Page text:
sufficient funds to enable the Library to play the role that is expected of it.
THE LIBRARY, 1973 to 1975'. or, How the pinch becomes the squeeze becomes the crunch
The Annual Report of the University Librarian, for the academic year 1972-73, was received by
Senate at its meeting on March 20th. In speaking to the Report, Mr. Stuart-Stubbs told the members that
diminishing budget support and inflating costs of library materials and operations accounted for a rapid
decline in the state of collections and services.
In the fiscal year 1973/74, the increase to the Library's operating budget, excluding the amount for
salary increases, was $35,500, of which all but $500 was allocated to collections. In 1974/75, the increase
to the operating budget will be $25,000, all of which will be allocated to collections. However, the costs
of library materials have been rising by an annual factor of 10% to 20%, depending on the type of publication
and its country of origin. Some periodical subscriptions have doubled in price in one year. Publishers
are  forecasting further increases, attributing them to the higher costs and scarcity of paper. To make
matters worse, world currencies have undergone two major revaluations in recent years, which have had
the effect of increasing the costs of publications from abroad.
The results of this on the collections budget and on the accession rate have been dramatic. Periodical
subscriptions and other forms of continued publication are consuming a greater proportion of the total
budget, since the costs of these are inflating at a higher rate than the costs of books. In 1970/71, 31% of
the budget was required to pay subscriptions bills; in the coming year, nearly 50% will be required, even
though  measures  have  been  taken  to  reduce  the  number of subscriptions. As a result, there is less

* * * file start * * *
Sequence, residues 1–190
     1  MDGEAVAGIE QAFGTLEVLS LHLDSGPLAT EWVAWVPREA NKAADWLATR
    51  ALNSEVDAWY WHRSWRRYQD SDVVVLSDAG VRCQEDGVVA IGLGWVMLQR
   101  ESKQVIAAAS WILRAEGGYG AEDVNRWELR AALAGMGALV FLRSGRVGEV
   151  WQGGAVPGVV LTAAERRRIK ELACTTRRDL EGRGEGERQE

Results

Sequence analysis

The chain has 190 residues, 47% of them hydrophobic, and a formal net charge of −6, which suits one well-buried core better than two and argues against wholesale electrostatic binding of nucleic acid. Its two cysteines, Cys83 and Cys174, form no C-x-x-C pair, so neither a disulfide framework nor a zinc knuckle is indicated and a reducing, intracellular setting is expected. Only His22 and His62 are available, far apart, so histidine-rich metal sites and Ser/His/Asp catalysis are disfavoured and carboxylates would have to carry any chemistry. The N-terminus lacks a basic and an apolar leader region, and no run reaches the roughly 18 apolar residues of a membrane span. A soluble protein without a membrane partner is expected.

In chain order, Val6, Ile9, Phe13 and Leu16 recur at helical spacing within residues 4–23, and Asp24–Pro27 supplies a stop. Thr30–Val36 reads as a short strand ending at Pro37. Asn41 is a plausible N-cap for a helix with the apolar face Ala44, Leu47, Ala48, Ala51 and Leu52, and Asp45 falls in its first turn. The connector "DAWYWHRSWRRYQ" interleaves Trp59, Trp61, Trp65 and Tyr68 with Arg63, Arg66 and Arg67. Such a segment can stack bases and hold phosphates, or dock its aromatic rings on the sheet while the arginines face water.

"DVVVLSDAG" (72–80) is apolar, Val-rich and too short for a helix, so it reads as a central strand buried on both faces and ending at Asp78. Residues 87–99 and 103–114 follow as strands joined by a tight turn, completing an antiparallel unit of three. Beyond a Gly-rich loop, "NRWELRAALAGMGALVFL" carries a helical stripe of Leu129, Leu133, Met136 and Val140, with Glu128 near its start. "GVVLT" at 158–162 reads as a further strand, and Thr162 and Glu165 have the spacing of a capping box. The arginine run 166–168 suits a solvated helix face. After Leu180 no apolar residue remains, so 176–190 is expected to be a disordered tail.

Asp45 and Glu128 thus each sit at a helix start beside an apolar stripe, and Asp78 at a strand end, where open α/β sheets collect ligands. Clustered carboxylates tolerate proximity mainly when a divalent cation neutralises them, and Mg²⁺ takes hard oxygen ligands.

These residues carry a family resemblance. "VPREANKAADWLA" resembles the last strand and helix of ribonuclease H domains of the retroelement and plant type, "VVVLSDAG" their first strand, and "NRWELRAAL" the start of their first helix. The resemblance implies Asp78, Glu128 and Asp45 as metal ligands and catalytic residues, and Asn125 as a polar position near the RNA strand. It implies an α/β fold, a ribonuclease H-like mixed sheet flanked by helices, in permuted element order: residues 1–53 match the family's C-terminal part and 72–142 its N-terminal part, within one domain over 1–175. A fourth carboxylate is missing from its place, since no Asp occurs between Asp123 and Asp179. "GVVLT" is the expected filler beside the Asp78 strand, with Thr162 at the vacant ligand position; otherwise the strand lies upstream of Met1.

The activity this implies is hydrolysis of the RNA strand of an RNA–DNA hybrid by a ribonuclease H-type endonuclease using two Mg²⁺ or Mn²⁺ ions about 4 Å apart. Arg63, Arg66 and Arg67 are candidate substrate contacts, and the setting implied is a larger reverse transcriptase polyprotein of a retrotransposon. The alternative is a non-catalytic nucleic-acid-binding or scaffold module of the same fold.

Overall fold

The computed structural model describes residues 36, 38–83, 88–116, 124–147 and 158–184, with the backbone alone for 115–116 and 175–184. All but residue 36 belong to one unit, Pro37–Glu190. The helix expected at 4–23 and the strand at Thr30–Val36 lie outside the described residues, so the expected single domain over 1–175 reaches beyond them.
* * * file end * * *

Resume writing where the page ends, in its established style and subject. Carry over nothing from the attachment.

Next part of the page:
money   to  spend  on  books,  both  in-print  and  out-of-print. The statistics for accessions tell the story:
there were 162,000 items added to the collections in 1970/71; 142,000 in 1971/72; 137,000 in 1972/73.  For
1973/74, the figure is 96,000 and for 1974/75, 82,000.
All   available   additional  funds having been devoted to collections, nothing remains for additional
personnel,   or  to meet cost increases in supplies, equipment, binding or other operating expenses such
as  postage and service contracts. To cope with this situation, a number of measures have been and will
be taken:
- staff positions will be transferred to divisions and branches which are encountering difficulties
in  contending with  increased work  loads;  for the most part these positions will be taken
from  the  processing divisions where, for obvious reasons, work loads are decreasing.
- cheaper  forms   of binding will  be introduced, although these might not provide adequate
protection for volumes which receive regular use.
- the publications programme will be curtailed. The News will appear no more than quarterly.
Orientation  and  reference  publications will be reduced in number. No further edition of
the Serial Holdings List will be printed.
- Telex service to faculties and departments will be terminated.
- The  MEDLINE terminal in the Woodward Library will be phased out unless it is supported
by the B.C. Medical Centre.
- No special projects will be permitted (e.g., compilation of bibliographies, reclassification
of parts of the collection).
Other economies will be made wherever possible. An effort is being made, through measures such
as these, to retain the present hours of service.
While faced with the difficulties described above, the Library is dealing with higher levels of use
and rising expectations on the part of users. Although the number of loans levelled off in 1972/73, when
enrollment sagged to about 19,000 students, the upward trend has reasserted itself. During the fall term,
circulation  increased by  13%  overall. In  the  Main Library, divisions responded to 18% more reference
questions,   and  in  the  Branch  Libraries,   30%  more. The  two major branches, the Sedgewick Library
and the Woodward Library, dealt with increases of 64% and 58%.
The  Government  Publications  Division  of the  University of British Columbia Library orders and
processes virtually all of the government publications included in the library system. The Government
Publications  staff is kept busy with an annual influx of over 68,000 government reports and periodicals.
Getting these materials ordered, unwrapped, processed, and ready for circulation requires a permanent
staff of 13 plus student help.
Government publications are collected from every level of government, from municipal publications through provincial  and state to federal and international inter-governmental publications. We receive
many publications through depository arrangements but we are obliged to buy a large part of our collection.
The   University  of  B.C.   Library  is a depository for the publications of several governments: British
Columbia, Canada, and a number of international organizations, including the United Nations, FAO, ICAO
UNESCO, OECD, and GATT. In addition there are extensive holdings of Canadian provincial, U.S. federal